Buck Dive: Not a Total Bellyflop
TAKESHI KASAI, a student from suburban Tokyo walks down Fifth Avenue loaded with shopping bags from Burberrys, the Gap, and Levi Strauss. Told the Japanese yen is stronger, he smiles.
Yes, he agrees, it could make New York shopping even cheaper. But, he quickly adds, ``It's not too good for Japan.''
The currency turmoil - with a super strong yen and German mark -
may mean better buys for Mr. Kesai.
It could mean higher prices on some imported goods from Japan or Germany for American shoppers. But in the case of goods from Canada and Mexico, which have also seen their currencies drop in value, buyers in the United States may find bargains.
Federal Reserve Chairman Alan Greenspan told Congress yesterday that the dollar's decline against some currencies was ``unwelcome and troublesome.''
It has the potential, he said, to increase inflationary pressure on the US economy. In his prepared remarks, Mr. Greenspan made no mention of the possibility that the Fed was close to the end of its string of hikes in short-term interest rates. Some observers blamed earlier hints by Greenspan of a shift to easier credit down the road for the bubbling in foreign exchange markets.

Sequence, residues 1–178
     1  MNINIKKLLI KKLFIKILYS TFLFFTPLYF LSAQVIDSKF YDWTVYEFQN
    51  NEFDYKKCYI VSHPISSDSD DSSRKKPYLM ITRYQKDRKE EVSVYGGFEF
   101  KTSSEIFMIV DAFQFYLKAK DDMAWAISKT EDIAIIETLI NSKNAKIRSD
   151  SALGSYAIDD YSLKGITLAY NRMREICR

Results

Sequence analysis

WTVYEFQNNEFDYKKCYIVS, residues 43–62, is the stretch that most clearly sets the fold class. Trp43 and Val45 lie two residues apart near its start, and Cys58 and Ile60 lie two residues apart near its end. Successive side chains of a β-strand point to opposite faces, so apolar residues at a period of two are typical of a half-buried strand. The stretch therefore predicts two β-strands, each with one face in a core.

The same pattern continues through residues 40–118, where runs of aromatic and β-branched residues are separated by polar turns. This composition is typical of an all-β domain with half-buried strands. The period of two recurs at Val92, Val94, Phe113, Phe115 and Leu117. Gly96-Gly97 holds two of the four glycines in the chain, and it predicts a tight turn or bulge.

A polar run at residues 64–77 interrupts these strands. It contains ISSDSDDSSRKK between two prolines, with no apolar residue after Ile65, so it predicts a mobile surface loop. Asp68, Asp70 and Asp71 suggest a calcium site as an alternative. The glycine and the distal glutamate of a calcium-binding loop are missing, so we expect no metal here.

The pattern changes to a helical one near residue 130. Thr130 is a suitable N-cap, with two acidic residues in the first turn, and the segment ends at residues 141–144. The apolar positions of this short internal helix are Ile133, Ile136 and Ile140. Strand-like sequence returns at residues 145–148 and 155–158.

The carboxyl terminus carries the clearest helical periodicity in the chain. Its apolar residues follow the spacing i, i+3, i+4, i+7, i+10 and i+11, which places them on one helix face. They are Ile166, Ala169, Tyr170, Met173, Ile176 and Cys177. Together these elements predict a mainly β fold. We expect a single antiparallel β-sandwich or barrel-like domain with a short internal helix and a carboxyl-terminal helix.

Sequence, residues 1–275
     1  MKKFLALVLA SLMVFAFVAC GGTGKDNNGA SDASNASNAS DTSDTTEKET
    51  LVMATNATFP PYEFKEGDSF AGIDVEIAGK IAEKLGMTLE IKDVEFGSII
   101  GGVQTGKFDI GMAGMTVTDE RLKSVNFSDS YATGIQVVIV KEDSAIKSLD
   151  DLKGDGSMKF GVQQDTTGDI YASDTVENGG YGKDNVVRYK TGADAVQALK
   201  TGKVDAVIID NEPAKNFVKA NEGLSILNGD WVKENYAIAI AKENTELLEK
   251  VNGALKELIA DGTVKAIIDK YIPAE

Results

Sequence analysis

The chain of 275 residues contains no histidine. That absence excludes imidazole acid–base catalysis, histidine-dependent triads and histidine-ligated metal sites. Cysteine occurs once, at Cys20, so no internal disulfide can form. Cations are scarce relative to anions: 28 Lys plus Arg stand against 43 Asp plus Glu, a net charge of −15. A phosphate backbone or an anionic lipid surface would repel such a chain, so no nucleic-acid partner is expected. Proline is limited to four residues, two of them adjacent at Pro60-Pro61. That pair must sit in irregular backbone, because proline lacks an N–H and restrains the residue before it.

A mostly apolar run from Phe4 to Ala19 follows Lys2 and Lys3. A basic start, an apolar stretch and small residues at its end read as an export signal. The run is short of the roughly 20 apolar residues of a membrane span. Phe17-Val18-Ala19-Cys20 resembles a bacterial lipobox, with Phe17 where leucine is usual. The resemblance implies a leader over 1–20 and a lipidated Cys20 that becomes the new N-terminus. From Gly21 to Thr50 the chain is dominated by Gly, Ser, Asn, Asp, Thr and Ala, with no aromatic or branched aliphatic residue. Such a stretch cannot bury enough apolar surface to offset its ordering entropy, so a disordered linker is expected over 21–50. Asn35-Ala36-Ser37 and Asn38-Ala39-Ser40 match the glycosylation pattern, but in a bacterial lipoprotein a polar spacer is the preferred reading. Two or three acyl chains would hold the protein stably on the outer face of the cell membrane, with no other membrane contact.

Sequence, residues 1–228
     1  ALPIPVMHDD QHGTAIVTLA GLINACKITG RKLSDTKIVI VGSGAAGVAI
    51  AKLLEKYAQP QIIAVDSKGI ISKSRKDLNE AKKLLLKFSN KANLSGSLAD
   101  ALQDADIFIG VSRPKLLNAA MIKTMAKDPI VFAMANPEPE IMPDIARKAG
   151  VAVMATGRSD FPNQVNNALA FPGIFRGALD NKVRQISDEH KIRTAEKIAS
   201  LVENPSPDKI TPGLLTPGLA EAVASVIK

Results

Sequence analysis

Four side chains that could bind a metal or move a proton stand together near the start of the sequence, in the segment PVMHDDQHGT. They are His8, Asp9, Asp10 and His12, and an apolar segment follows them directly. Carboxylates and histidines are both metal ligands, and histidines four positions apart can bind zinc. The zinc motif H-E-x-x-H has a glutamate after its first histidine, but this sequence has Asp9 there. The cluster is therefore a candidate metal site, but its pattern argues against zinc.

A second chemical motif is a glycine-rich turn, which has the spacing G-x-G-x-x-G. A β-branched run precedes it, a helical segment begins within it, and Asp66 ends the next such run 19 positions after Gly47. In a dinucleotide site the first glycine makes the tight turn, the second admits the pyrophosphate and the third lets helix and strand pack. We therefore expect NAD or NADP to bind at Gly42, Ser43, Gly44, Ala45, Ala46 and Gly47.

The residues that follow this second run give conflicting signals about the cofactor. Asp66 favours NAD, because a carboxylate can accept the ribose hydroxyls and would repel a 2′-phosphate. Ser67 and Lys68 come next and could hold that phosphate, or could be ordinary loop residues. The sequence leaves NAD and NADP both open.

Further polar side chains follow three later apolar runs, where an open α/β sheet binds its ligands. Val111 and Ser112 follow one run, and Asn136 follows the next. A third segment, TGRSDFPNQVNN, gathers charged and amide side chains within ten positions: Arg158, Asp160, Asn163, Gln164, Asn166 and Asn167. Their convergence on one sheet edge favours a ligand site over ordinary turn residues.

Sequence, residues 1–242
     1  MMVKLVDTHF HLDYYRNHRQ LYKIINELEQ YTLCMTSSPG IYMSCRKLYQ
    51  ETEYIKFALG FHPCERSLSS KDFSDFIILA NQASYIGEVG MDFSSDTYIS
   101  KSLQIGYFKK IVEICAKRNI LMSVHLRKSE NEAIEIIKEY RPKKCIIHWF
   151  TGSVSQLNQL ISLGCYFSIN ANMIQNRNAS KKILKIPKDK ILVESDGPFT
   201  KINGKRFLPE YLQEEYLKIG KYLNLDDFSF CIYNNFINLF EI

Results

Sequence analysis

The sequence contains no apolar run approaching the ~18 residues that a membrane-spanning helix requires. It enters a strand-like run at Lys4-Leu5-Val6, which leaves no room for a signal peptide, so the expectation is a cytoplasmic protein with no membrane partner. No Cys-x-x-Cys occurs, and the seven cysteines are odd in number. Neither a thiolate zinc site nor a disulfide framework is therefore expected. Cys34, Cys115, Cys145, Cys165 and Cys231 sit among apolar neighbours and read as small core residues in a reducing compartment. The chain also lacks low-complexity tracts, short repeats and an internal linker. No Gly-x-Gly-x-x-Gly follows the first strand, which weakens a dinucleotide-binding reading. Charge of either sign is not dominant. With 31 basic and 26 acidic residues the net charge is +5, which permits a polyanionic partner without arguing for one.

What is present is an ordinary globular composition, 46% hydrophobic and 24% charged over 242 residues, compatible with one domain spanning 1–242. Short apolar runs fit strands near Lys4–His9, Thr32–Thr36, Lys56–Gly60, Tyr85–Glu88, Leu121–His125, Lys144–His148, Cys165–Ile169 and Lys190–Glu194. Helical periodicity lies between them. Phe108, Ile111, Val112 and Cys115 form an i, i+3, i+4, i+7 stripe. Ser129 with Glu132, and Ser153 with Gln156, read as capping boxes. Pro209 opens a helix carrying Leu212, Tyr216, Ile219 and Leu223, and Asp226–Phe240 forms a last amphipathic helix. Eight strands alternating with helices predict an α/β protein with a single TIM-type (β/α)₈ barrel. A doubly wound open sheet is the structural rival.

The day before, US Treasury Secretary Robert Rubin repeated that a strong dollar was in the US national interest.
The weak dollar will certainly make trips more expensive for tourists and business people visiting German or Japan. For example, a room at the Ramada Garni Nordwestzen in Frankfurt costs 156 marks ($116.79) per night. Last fall, the same room would have cost $97.50 because the dollar was worth more. The same is true in Tokyo where a 40,000 yen hotel room at the Westin would have cost $392.16 at year-end, but costs $454.54 today.
On US shores, the effects of the falling dollar are harder to quantify. Oil imports, for example, are mostly priced in US dollars. However, Saudi Arabia has reportedly put a higher dollar price on some of its oil exports to offset the decline in the value of the dollar. Silk ties from Italy are unlikely to rise in price either since the lira has been falling in value as well. But, the prices of such cars as Hondas and Toyotas may rise slightly since 30 to 40 percent of their content originates in Japan.